[quote=""MLE""]Economics are a factor in every art medium. Everybody knows that Television shows some in half-hour increments, with room for commercials. Nobody complains -- they just craft their art to the constraints. It's part of the challenge that drives creativity.[/quote]

Oops and I forgot to say this is very true and a great point. Being challenged to say what I want in less words is pushing me creatively. Thanks for the reminder :o see not grouchy, really
Author of Celtic historical fantasy
New book "THE RAVEN QUEEN" out Feb 22 2011: The story of Maeve, the famous warrior queen of Irish mythology.
Out now, "THE SWAN MAIDEN", the ancient tale of Deirdre, the Irish 'Helen of Troy'
http://www.juleswatson.com

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Volgadon
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Post by Volgadon » Sun March 1st, 2009, 6:53 pm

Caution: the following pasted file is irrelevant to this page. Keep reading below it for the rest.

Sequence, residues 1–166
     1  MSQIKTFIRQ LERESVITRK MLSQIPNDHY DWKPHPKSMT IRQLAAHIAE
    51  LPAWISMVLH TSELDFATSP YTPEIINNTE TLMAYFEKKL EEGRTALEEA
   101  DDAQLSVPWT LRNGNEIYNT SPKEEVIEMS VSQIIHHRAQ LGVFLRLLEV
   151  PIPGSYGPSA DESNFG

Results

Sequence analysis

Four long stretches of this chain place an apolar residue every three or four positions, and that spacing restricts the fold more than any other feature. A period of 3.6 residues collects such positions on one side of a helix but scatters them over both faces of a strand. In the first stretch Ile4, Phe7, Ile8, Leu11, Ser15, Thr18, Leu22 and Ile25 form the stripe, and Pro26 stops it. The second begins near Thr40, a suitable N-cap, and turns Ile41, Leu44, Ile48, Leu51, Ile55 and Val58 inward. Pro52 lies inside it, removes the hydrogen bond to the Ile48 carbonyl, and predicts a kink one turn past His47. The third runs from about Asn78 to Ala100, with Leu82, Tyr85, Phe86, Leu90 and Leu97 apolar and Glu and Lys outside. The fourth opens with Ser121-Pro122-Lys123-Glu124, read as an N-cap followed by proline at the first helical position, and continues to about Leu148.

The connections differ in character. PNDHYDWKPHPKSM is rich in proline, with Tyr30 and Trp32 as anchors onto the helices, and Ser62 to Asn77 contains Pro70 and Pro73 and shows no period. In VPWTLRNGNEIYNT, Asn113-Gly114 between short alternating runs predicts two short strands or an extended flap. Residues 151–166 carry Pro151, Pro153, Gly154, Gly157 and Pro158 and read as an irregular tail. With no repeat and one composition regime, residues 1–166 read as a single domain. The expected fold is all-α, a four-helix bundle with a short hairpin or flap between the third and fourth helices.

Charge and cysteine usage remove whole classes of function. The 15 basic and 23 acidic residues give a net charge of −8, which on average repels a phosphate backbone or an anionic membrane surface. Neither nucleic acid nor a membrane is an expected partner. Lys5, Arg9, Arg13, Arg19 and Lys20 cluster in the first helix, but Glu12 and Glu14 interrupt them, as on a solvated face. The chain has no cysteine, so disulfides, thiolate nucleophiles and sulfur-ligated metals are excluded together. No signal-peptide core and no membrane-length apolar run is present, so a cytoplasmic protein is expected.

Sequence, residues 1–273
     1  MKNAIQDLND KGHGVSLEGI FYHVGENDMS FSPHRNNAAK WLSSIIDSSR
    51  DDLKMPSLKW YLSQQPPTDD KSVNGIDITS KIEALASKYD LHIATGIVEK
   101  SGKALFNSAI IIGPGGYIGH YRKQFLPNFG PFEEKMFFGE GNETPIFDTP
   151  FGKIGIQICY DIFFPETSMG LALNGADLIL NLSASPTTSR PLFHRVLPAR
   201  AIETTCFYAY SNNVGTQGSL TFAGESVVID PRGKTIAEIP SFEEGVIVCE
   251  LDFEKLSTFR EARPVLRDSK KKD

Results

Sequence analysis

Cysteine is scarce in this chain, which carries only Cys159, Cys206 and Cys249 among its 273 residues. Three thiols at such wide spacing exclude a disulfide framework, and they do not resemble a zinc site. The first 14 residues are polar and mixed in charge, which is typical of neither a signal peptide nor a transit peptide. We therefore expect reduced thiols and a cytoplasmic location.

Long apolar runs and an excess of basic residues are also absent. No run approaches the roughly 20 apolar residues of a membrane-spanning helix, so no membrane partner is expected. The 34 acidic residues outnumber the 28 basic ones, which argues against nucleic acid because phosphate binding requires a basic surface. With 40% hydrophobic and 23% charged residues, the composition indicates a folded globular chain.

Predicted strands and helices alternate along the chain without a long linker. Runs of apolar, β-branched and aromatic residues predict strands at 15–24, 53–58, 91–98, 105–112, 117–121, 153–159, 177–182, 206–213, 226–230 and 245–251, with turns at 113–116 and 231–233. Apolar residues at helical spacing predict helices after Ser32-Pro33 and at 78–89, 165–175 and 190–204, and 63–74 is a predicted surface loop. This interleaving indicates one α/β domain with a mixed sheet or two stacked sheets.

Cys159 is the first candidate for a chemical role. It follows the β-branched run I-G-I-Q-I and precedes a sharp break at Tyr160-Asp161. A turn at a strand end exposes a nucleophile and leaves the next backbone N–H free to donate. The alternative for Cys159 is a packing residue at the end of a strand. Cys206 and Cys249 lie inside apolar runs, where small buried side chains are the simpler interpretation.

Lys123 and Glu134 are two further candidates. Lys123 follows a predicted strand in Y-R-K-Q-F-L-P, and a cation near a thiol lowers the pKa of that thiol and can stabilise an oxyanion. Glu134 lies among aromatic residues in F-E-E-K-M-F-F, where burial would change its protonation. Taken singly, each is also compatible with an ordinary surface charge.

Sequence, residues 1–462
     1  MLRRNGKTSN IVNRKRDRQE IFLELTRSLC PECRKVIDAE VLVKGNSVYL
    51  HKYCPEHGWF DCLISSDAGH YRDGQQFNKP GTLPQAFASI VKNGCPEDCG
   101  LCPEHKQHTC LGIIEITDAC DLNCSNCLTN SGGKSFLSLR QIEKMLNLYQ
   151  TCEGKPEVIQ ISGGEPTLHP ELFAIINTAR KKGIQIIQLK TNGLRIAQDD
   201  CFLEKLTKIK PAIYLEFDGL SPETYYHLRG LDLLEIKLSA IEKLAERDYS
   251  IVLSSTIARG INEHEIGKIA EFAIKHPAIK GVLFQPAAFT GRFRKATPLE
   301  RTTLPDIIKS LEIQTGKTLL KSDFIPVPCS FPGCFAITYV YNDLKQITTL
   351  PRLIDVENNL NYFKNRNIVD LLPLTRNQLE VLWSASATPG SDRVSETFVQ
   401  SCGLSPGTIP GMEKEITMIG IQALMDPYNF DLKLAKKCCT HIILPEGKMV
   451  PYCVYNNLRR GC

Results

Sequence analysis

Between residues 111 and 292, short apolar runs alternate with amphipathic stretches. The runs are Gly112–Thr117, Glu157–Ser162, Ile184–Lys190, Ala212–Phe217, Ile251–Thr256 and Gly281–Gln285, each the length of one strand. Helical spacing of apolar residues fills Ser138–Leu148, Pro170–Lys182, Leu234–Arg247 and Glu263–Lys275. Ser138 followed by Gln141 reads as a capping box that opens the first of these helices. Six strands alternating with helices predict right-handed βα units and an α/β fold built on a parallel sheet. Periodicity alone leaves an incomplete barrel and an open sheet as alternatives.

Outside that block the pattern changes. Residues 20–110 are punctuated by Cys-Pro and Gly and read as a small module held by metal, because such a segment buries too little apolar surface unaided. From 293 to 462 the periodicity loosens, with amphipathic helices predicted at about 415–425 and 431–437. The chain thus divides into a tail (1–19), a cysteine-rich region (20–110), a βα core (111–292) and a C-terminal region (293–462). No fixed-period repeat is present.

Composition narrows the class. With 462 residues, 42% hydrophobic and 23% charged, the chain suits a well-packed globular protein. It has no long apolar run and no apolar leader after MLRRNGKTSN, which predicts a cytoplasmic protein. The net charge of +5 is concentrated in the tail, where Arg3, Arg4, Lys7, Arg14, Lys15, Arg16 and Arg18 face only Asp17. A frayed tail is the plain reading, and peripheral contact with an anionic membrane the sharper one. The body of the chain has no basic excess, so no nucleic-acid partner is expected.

Are you sure that its because of a supposed short attention span rather than economic factors?

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juleswatson
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Post by juleswatson » Sun March 1st, 2009, 6:57 pm

It's both, I guess. Long books cost more to produce and ship and take up more space on shelves etc, yes. But I have to say, my UK publishers from 2004 to 2008 never said anything about book length affecting production costs. My agent, who reps many authors, is talking of this as a new thing, as if it is about attention spans. That's only his opinion, of course.
Author of Celtic historical fantasy
New book "THE RAVEN QUEEN" out Feb 22 2011: The story of Maeve, the famous warrior queen of Irish mythology.
Out now, "THE SWAN MAIDEN", the ancient tale of Deirdre, the Irish 'Helen of Troy'